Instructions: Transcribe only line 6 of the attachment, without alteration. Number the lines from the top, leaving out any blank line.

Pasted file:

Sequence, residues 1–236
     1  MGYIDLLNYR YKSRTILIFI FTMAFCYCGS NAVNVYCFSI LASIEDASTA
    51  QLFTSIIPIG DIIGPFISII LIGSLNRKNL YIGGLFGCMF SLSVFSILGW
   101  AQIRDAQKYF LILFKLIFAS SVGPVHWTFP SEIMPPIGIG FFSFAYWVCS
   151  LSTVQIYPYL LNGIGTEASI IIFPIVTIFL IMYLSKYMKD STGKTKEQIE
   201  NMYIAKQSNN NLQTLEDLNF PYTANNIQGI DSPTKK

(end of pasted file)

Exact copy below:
   201  NMYIAKQSNN NLQTLEDLNF PYTANNIQGI DSPTKK